The 54th Head of the Charles Regatta was held in Boston on Oct. 20 and 21. The Head of the Charles began in 1965 and has been held annually in the fall since then. Over 11,000 athletes compete in the event and tens of thousands of spectators line the shore of the Charles River to watch. Part of Memorial Drive is closed off for the duration of the event in anticipation of the large crowds and busy streets. Since the event has become more and more popular over the years, the Head of the Charles Regatta choses teams to compete based off of applications that are due far in advance.
The Head of the Charles has a board of directors and a race committee, but it relies heavily on its many volunteers to run a successful event. Over 1,800 volunteers are spread out between 30 different committees to help facilitate the event. A few of the different committees are awards, river control, hospitality, and first aid.
The race course consists of a three-mile upstream stretch through Boston. There are a multitude of different race categories that take place throughout the two race days. The categories are divided into men’s and women’s, age group categories and singles, doubles, fours and eights. The racing schedule is extremely tight to be sure that everyone has the opportunity to race. Awards are given out to top finishers within each category.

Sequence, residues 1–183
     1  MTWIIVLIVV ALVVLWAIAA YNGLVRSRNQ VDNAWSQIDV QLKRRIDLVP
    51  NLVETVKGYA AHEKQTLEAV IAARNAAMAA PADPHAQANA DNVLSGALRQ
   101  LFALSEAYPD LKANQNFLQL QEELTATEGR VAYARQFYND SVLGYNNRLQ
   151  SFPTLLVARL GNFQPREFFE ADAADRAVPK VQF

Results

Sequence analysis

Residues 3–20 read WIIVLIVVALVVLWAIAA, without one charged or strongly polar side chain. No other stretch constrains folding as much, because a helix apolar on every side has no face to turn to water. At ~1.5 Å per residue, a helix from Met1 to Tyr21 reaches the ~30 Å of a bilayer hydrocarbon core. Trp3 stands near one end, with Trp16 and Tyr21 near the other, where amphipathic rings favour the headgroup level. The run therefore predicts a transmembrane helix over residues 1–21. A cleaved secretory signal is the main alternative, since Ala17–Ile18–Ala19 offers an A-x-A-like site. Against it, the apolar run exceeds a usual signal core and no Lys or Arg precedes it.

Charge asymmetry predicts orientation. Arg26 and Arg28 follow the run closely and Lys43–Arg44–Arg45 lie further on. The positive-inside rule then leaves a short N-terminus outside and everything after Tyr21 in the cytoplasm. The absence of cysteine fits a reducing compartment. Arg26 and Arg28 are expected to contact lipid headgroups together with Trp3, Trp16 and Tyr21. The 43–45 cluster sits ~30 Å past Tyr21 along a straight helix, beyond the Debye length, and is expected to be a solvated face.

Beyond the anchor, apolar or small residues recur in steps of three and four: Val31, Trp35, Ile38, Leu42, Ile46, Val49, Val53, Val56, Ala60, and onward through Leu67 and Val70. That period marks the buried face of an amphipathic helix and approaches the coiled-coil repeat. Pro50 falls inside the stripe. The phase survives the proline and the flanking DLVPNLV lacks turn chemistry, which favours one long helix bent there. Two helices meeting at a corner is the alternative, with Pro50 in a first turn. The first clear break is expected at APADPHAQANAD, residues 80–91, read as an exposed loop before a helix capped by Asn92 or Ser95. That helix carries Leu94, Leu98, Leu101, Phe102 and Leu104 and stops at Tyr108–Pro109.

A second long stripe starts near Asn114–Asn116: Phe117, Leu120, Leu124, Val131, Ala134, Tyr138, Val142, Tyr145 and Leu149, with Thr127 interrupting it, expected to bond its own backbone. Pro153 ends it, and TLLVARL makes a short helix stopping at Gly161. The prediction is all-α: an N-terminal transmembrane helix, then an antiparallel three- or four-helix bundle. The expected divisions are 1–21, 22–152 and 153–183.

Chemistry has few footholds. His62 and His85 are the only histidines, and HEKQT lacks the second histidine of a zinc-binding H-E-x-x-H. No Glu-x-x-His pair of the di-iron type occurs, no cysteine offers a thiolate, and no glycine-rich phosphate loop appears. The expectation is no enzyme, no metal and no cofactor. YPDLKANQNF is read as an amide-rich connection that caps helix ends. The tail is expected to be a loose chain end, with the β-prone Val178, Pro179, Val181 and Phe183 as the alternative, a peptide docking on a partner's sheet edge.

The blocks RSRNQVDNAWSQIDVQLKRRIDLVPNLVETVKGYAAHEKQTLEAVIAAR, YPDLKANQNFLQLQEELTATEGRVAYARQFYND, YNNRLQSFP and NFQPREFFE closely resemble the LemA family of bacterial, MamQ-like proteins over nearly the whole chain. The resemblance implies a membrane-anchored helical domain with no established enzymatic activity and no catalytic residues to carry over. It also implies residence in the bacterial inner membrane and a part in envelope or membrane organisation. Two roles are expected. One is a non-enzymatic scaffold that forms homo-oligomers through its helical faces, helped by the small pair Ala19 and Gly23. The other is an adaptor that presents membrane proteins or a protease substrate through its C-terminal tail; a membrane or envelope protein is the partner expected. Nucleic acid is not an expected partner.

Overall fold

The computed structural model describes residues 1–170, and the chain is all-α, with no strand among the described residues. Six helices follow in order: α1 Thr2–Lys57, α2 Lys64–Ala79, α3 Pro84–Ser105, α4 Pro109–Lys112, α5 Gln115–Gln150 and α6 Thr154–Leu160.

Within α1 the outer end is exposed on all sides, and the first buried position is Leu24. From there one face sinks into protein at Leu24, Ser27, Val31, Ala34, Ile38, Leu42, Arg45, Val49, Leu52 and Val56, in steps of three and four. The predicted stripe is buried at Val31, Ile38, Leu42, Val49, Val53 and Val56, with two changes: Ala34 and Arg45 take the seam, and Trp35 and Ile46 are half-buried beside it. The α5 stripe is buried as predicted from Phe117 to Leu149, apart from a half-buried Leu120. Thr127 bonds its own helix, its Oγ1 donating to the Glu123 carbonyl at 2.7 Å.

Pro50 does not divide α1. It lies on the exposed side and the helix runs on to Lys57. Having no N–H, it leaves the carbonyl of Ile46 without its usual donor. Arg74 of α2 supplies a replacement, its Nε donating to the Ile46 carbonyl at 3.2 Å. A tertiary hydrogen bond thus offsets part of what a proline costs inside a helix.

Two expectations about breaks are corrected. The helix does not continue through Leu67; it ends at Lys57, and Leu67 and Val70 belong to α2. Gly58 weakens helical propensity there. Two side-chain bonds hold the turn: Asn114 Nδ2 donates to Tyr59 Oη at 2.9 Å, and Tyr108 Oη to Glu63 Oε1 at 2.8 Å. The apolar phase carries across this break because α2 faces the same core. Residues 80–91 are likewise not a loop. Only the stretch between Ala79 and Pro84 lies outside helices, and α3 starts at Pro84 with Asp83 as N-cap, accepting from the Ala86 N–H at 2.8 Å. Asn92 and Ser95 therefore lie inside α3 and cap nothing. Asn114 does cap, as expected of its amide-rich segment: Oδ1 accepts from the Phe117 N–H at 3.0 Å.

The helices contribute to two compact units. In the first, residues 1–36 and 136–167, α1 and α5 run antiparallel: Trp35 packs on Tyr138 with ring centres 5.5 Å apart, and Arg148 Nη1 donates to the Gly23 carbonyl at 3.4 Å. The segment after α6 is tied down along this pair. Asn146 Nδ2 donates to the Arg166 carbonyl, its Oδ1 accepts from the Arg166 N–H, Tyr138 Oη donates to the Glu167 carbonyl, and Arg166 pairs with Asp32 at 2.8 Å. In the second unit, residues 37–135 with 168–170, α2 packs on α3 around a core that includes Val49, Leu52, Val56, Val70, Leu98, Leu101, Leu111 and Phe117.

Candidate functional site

Wellesley sent two boats to compete in the Women’s Collegiate Eight event on Sunday afternoon. Collegiate teams from New England and the rest of the east coast travelled to Boston to compete in the event. Twenty-eight boats raced within the category, and Wellesley placed 10th and 17th. Wellesley’s first team raced a top-ten time of 19:26.915 during the event. Bates College placed first in the event. Wellesley’s 10th and 17th place finishes were an improvement from the 2017 Head of the Charles Regatta. In 2017, the Blue placed 14th and 20th in the same event.
Wellesley College will compete in the Seven Sisters Championship Regatta back at the Charles River next Sunday, Oct. 28. This race will conclude their fall season, but they will return in the spring.